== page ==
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Tutukaka Coast

Beaches And Coves Extravaganza

Difficulty: Choosing what to do
Bring: Swimsuit, kayak, tide chart
Tutukaka Coast
NZ Gps: 35° 36' 25.4448" S 174° 31' 28.8804" E
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This place could be called Tu-Tu-many charming coves haha. Past Ngunguru and up to Sandy Bay this hunk of coast is just chock full of secluded sandy coves. Unlike the Bay of Island's commercialized tourist blitz, this coast of coves feels very laid-back and local. The scuba scene out at Poor Knights gets all the publicity around here, but there's really so much more. Come to camp...you'll be less poor and have some great nights (sorry.)

Swimming is a delight near Tutukaka. No matter which way the wind blows you can find a nearby beach of emerald tranquility. Hire a kayak in the Tutukaka marina (or Ngunguru, Matapouri) and you've got the perfect calm-water adventure vessel...the hours will whiz by as you poke into every nook and land at each people-free beach.

Ngunguru. The claim to fame here is the long sandspit. Best thing about the sandspit is that you can't get there...except via the water. Swim or kayak over. Miles of golden sand await, not an effing ATV in sight.

Whangaumu Bay. A long beach looking south. This is the best place to watch a sunset and get some last rays at happy hour. At the west end is an easy lookout track. A low-tide beach/cove route heads west about 1.5km to Ngunguru - best in morning sun.

Tutukaka Heads track. This is a brilliant short stepped track that heads to the Heads' mini lighthouse. The track descends to and crosses a rocky isthmus (easy to cross at lowtide, but requires splashing at high-tide). This 20-minute track may take you two hours when you realize all the charms. The lighthouse view spans about 120km from Cape Brett down to Cape Rodney. The fun isthmus is studded with nooks and crannies, cats eyes and blowholes. A great short walk!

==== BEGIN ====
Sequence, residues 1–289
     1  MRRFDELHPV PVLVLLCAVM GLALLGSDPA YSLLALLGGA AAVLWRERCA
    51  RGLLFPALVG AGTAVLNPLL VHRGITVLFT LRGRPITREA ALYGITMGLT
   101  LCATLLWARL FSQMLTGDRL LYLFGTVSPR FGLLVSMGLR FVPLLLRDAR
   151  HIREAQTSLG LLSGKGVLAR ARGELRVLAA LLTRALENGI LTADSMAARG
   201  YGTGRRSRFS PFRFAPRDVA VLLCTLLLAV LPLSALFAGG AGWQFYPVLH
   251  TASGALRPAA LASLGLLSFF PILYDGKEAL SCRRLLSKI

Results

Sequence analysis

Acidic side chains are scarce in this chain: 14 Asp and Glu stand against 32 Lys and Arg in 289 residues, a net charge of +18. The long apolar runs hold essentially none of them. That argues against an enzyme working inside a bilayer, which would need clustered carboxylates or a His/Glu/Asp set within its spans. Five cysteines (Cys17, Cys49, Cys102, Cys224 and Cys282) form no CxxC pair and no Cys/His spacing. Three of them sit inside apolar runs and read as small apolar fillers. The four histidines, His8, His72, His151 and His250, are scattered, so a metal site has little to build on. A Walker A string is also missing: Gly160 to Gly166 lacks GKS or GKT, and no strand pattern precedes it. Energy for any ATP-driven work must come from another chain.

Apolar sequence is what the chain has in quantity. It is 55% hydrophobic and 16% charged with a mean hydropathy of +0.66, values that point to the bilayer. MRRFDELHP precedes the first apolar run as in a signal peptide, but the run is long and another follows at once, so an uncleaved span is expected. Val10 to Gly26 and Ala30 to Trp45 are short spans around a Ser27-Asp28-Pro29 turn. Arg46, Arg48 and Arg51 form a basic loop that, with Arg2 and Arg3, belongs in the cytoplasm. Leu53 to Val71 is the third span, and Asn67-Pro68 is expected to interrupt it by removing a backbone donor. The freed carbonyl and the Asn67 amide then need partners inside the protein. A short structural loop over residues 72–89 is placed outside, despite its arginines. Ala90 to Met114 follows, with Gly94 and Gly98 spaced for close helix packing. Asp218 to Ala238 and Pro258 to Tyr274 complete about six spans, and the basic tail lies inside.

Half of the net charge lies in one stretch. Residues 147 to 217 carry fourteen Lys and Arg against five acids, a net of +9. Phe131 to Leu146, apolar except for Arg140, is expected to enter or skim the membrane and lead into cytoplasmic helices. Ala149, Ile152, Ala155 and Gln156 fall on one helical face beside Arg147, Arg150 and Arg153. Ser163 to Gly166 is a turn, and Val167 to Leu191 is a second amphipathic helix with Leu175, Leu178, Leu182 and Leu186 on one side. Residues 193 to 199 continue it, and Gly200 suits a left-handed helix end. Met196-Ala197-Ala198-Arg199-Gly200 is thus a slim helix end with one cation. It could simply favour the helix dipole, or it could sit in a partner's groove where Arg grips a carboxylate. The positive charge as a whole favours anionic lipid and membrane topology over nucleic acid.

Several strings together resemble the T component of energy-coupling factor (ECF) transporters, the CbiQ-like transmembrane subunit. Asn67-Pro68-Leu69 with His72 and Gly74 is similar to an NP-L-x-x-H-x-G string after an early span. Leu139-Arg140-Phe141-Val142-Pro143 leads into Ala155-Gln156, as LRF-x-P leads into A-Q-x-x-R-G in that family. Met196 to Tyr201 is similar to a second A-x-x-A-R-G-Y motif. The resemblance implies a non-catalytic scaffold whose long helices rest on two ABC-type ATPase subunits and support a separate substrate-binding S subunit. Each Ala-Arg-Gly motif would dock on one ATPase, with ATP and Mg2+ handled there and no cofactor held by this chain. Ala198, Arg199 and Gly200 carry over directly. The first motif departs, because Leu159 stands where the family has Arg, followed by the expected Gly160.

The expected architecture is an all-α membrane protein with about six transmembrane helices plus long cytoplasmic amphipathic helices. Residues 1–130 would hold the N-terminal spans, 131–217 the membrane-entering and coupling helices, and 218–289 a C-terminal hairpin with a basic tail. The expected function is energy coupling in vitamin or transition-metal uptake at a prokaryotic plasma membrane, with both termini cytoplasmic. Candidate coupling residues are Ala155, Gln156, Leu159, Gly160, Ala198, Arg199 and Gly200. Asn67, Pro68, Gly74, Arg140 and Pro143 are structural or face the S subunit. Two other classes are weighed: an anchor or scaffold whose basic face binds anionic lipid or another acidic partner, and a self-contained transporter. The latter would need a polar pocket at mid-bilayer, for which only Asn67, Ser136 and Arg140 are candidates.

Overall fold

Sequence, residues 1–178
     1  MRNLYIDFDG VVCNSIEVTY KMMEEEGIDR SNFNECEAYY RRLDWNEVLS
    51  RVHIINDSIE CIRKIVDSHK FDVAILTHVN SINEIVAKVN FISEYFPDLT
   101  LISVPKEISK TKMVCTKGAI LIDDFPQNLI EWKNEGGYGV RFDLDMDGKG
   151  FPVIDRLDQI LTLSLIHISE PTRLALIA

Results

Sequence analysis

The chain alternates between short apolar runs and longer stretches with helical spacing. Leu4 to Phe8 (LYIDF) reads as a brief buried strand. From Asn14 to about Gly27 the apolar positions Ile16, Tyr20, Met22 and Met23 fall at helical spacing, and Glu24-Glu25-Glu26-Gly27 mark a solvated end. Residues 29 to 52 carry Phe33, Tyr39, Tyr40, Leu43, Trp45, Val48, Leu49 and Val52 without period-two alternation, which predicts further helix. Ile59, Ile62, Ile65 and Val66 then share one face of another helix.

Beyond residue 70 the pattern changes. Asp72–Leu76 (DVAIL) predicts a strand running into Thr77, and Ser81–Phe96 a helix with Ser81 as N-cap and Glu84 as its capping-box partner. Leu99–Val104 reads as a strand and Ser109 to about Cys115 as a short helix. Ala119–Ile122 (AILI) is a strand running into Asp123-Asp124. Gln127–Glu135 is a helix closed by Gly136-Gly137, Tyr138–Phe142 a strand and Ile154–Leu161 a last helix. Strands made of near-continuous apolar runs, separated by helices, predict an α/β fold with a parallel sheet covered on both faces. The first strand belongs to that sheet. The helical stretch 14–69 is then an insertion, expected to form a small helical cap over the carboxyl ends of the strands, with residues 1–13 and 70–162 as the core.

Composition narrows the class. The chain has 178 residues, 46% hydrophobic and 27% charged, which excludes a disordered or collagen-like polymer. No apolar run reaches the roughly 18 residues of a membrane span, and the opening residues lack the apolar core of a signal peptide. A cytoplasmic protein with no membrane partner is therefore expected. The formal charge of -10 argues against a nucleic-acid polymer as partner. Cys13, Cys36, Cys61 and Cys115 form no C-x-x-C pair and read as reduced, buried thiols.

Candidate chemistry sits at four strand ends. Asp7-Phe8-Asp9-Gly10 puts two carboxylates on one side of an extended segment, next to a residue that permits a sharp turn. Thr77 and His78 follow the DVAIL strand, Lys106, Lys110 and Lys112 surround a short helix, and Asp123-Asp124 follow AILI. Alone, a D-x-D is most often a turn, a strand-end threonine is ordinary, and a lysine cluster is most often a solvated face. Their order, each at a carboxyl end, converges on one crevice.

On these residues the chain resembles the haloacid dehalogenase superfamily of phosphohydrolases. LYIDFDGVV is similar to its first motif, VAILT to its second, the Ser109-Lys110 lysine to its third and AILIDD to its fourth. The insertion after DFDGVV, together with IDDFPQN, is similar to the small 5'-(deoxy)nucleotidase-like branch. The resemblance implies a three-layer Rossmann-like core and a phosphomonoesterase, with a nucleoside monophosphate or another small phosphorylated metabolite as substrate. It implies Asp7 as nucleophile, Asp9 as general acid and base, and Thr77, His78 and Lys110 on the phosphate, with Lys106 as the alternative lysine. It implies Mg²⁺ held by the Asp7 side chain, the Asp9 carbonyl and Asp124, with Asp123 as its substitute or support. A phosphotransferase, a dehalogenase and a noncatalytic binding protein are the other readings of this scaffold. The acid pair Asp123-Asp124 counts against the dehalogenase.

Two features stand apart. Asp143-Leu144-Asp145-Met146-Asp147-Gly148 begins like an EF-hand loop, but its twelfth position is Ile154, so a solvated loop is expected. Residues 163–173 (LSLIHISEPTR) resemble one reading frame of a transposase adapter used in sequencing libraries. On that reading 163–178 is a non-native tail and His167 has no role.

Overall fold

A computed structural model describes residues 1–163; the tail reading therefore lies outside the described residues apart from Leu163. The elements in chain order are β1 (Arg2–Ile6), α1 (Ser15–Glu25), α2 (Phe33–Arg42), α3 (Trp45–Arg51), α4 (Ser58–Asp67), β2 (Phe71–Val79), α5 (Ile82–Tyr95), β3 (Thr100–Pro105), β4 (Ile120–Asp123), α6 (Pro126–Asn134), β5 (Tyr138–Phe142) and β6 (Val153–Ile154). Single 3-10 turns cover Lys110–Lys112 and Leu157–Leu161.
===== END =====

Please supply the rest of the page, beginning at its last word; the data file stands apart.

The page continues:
Matapouri Bay. Lots of baches, lots of beauty, lots to explore. The south end stream is a vast sand-scape and snorkel fun. The northest cove, at low tide, has a path which leads thru a rock tunnel to some wave-terrace wilds where mermaids frolic. Bring an Ariel and you'll find a deep pool (to the right) that will make your hearts sing! A headland loop track leaves the north end of the Matapouri Beach and cruises 20 minutes over to Whale Bay. This is the best track up here-all headland views and hidden coves. To loop back take the unsigned arrowed track that steps down from Whale's carpark - it zips effortlessly back to Matapouri.

Whale Bay. (1km past Matapouri.) On a coast full of superlatives, this beach may reign supreme. You must walk a steep 5-hour path* to get to this gem, thus, no human whales allowed. Calm waters, protected from the wind and waves, invite swimming and sunning on this slice of heaven. Whale faces west, meaning great afternoon and sunset light. Have a swim and a beer and a kiss and a smile...and watch the couples pose for wedding pix. Pssst, if there are too many human whales around for your liking, take your little Ariel, head for the picnic table and find the scamper path that heads up, over, and down to secluded Cabbage Tree Bay. *("5 hour path" is snail time.)

Sandy Bay. Where the surfers hang. Drive-up beach, soft sand, picnic tables, toilets. Explore north over the rocks to the naturist cove.

Whananaki Coastal Walkway. Skip this, it sucks. Neither coastal nor interesting. More cows than coast.

Excerpt from "NZ Frenzy Guidebook" by Scott Cook NZ Frenzy Guidebook

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